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The Sea Nymphs - On The Dry Land album review

Encouraging signs as material from Cardiacs side-project The Sea Nymphs finally emerges

For those uninitiated into the spellbinding world of Cardiacs, The Sea Nymphs were an extracurricular offshoot from the revered UK oddballs, featuring key members Tim Smith, Sarah Smith and William D Drake. Although instantly recognisable as part of Cardiacs’ eccentric world, the trio eschewed their alma mater’s remorseless melodic intricacy and bewildering dynamics in favour of a more sweetly psychedelic blend of wistful acoustic folk with added hints of chamber music.

Exactly why this, their second album, has been denied an official release for over two decades has yet to be fully explained, but such is the rabid devotion of Cardiacs fans that it’s hard to imagine a single one of them failing to emit squeaks of delight at the prospect of hearing these songs for the first time. Only three tracks have been aired previously, as part of a Radio 1 session in 1998, but the rest are utterly unfamiliar and all the more bewitching as a result. Chuck in the joyous news that Tim Smith has recovered sufficiently from his ongoing health concerns to have put long-awaited finishing touches to these recordings and On The Dry Land suddenly seems extremely important: a gentle return for the great man, perhaps, but a return of sorts nonetheless. If there’s any chance of the lost Cardiacs album surfacing too, that would be marvellous.

A gentle return for the great man, Tim Smith.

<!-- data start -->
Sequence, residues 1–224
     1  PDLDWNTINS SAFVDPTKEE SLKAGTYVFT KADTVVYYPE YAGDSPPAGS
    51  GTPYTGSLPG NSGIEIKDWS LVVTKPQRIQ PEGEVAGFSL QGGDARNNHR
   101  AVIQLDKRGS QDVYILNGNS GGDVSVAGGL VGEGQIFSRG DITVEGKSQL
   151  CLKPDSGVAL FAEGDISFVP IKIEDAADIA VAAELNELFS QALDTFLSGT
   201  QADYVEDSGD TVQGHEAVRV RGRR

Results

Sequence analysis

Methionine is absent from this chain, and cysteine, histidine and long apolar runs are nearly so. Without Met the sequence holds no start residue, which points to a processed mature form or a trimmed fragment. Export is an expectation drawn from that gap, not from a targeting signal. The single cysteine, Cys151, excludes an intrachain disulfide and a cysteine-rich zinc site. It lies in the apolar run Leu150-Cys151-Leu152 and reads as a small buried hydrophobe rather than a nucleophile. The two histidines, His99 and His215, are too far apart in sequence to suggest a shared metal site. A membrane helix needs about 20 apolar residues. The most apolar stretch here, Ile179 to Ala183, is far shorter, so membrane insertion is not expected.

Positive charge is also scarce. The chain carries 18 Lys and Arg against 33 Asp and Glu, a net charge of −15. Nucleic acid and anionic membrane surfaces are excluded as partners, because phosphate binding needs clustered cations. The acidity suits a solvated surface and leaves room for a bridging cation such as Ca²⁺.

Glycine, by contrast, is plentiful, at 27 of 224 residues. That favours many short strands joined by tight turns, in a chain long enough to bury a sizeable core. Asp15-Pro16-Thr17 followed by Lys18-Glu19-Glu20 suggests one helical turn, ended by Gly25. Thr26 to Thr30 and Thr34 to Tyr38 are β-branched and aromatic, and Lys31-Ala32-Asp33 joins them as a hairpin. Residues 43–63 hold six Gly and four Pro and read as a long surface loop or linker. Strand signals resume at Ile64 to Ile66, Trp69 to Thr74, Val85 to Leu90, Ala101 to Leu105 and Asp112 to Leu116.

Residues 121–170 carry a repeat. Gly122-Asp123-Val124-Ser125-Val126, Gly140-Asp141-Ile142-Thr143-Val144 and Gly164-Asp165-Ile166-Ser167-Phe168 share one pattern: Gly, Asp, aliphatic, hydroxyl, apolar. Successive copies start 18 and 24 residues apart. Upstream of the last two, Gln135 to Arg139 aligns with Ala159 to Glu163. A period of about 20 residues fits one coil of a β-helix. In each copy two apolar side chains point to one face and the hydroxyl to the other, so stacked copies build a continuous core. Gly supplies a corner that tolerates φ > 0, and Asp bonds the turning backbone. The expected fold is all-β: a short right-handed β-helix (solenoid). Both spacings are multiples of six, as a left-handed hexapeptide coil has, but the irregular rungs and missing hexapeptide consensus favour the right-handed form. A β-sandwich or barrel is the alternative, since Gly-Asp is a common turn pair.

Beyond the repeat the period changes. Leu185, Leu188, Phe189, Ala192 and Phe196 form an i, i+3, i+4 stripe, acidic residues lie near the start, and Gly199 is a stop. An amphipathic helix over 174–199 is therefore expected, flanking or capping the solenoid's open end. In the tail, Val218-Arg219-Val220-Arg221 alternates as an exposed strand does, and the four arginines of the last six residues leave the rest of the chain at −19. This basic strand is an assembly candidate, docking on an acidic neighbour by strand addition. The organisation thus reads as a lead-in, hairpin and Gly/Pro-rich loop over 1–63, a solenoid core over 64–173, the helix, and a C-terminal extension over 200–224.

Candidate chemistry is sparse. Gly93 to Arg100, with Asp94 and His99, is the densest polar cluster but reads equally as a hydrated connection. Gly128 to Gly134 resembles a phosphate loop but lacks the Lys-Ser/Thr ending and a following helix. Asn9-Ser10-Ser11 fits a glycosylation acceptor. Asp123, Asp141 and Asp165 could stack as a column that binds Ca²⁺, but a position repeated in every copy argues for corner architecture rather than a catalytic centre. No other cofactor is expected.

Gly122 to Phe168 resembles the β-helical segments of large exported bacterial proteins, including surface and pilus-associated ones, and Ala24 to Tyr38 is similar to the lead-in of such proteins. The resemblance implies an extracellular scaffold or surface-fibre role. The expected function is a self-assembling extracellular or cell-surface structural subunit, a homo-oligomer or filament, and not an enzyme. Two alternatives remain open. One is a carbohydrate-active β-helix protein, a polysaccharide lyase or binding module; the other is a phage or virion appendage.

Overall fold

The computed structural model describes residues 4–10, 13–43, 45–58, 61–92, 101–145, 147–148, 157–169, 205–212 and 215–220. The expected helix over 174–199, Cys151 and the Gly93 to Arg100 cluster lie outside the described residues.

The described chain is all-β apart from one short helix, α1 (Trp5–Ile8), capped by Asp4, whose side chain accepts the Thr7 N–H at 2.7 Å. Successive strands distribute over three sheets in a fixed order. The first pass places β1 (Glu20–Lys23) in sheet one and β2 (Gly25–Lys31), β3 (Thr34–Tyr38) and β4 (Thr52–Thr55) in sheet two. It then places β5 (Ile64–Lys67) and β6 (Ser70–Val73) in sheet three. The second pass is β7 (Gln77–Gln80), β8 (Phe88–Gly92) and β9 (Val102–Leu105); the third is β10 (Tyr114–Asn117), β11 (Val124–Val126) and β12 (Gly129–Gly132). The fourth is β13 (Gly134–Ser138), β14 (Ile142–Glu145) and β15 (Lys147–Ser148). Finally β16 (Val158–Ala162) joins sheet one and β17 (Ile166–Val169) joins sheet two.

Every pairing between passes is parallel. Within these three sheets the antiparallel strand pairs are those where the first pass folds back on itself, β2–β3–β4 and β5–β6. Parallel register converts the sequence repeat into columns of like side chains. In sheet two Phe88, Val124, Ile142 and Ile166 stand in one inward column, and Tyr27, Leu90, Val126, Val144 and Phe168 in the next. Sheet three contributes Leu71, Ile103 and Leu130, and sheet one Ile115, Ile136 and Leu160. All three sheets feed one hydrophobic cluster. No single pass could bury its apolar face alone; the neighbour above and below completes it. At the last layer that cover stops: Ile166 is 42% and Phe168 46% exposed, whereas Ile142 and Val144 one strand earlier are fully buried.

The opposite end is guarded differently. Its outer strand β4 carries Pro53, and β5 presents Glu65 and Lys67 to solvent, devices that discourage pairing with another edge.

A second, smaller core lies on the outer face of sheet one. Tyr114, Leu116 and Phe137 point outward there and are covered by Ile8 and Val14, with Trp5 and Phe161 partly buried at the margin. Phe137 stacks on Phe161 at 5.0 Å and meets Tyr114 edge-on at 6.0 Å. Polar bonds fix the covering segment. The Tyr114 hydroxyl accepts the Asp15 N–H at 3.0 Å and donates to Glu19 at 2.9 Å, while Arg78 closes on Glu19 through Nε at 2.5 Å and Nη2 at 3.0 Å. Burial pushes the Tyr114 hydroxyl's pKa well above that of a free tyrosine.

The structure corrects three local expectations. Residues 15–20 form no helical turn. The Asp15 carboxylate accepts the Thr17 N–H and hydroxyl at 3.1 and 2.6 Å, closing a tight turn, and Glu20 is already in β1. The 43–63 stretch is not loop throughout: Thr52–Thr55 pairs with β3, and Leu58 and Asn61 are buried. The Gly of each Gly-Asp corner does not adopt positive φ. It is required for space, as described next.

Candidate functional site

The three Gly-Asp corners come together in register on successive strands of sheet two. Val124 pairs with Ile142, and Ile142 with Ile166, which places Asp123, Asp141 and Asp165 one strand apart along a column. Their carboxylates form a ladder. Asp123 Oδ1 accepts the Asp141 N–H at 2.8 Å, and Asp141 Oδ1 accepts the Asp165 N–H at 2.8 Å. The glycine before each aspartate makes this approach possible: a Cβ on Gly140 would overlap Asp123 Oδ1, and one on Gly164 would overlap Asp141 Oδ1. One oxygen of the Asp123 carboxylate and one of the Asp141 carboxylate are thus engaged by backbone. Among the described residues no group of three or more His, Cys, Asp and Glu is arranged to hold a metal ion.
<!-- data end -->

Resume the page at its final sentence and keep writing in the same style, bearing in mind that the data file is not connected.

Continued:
Those familiar with the Sea Nymphs’ eponymous 1995 release will feel immediately at home with the likes of Big River and Cut Yourself Kidding: all snipped from the same cloth as their better known forebears, but somehow fuller and more elegant in sound, they are as British as tea and toast, but the underlying sense of otherworldly mischief that permeated Cardiacs’ finest material is here in spades too. The soaring synths of Bye Bye Spirit and the woozy, circus macabre of The Black Blooded Clam keep everything firmly in prog-friendly territory, while the skewed parping and strident pub piano of William D Drake’s title track gently proclaim proud roots in the British psychedelic pop tradition.

Perhaps the greatest thing about rediscovering The Sea Nymphs is how Tim Smith’s extraordinary gifts as a songwriter and arranger – and, indeed, those of his comrades – lose none of their twinkling efficacy in these more minimal and austere sonic surroundings. From the delicate madness of Sarah Smith’s Eating A Heart Out to the spiralling ivories of superbly-named closing track Wanky, On The Dry Land tells the faithful what they already knew: herein lies big, shiny genius. If you’ve never had the pleasure, this is a magical a place to start as any.

Kavus Torabi's Guide To Cardiacs